Facing scrutiny from Congress, Twitter today disclosed that more than 200 Russia-linked accounts had been used to spread propaganda and misinformation on the company’s platform.
The news follows similar disclosures from Facebook. Twitter points out that it found 22 accounts corresponding to those Facebook found. Additionally, Twitter found another 179 accounts. All of those accounts, Twitter said, had been or were soon banned, usually for violating spam rules. Unlike on Facebook, Twitter said the accounts it identified were not registered as advertisers.
Twitter’s blog post, while not quite directly attributing any activity to those accounts, discussed what the company does to combat issues like gaming Trending Topics and automating spam. The company noted that a large source of spam had historically been from “Russia and other post-Soviet states,” but said it was “much trickier” tracking activity coordinated by humans.
The blog post also discussed Russia Today, a news service that takes direction from the Kremlin and has been criticized as an influence network. Twitter said it had disclosed to Congress that the organization spent more than $274,000 on ads in 2016, and had also promoted at least 1,800 tweets that may have been directed at the United States.
Twitter released the news today after meeting with lawmakers on the House and Senate intelligence committees, which are investigating Russian interference in the 2016 election.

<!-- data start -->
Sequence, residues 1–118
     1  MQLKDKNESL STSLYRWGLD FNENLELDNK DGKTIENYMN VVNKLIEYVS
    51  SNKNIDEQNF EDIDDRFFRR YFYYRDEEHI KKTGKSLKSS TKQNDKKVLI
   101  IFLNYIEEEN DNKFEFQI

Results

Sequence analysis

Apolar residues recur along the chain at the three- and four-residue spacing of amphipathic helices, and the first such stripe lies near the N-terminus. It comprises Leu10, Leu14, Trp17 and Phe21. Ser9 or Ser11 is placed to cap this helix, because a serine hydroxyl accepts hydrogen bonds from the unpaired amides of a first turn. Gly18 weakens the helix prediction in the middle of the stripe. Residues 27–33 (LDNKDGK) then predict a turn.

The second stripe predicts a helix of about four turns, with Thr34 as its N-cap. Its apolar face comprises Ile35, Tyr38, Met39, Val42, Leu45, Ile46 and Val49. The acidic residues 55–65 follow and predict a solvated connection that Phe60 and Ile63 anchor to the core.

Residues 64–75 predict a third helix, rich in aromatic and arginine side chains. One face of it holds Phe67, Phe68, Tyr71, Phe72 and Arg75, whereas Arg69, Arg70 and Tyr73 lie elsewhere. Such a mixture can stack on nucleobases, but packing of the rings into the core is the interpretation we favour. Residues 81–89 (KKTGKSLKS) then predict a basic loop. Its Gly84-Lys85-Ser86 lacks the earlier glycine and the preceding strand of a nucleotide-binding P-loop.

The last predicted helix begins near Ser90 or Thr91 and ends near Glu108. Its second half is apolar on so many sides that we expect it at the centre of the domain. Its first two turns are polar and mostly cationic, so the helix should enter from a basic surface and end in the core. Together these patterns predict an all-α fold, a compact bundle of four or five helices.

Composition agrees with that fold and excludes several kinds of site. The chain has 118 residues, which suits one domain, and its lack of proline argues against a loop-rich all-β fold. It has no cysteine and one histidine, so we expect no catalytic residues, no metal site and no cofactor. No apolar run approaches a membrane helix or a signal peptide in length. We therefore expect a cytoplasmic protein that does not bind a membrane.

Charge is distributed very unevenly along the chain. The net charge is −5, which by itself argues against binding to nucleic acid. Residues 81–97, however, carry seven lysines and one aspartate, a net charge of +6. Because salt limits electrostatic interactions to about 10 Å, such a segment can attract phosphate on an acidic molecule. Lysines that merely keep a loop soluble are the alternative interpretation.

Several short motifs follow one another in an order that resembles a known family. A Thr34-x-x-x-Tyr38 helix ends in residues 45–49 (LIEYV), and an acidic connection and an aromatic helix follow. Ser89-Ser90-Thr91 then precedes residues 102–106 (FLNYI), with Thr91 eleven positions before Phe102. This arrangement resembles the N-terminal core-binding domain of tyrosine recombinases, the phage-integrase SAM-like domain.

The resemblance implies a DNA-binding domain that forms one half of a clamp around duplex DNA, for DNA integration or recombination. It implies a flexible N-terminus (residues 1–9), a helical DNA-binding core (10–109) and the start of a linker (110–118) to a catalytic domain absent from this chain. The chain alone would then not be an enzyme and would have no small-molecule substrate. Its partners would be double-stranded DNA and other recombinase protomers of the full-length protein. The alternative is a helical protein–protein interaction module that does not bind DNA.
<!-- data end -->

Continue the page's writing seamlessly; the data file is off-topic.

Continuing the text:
The company said that, over the coming months, it will be introducing new ways to detect malicious activity, although it did not provide specifics. “These are not meant to be definitive solutions,” the company said in the post. “We’ve been fighting against these issues for years, and as long as there are people trying to manipulate Twitter, we will be working hard to stop them.”
Sen. Mark Warner, the top Democrat on the Senate intelligence committee, immediately slammed Twitter’s response. According to Recode, the senator took issue with Twitter tying its work to what Facebook had already uncovered, calling its disclosures “deeply disappointing.” In a statement, Rep. Adam Schiff said Twitter has “taken remedial steps” but “has significant forensic work to do to understand the depth and breadth of Russian activity during the campaign.”